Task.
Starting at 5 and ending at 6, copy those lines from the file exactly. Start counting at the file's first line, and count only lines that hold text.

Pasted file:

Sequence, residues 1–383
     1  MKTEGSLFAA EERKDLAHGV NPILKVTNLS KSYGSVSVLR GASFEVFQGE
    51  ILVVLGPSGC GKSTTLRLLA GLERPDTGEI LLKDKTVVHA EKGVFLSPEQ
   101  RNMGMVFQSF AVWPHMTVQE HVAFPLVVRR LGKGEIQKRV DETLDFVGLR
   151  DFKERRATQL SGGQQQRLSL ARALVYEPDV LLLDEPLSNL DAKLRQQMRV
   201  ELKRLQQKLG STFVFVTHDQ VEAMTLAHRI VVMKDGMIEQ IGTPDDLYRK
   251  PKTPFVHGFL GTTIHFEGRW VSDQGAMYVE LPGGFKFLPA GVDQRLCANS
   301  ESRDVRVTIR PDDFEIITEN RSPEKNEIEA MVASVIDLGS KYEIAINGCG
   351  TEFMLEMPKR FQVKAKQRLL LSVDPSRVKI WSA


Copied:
   151  DFKERRATQL SGGQQQRLSL ARALVYEPDV LLLDEPLSNL DAKLRQQMRV
   201  ELKRLQQKLG STFVFVTHDQ VEAMTLAHRI VVMKDGMIEQ IGTPDDLYRK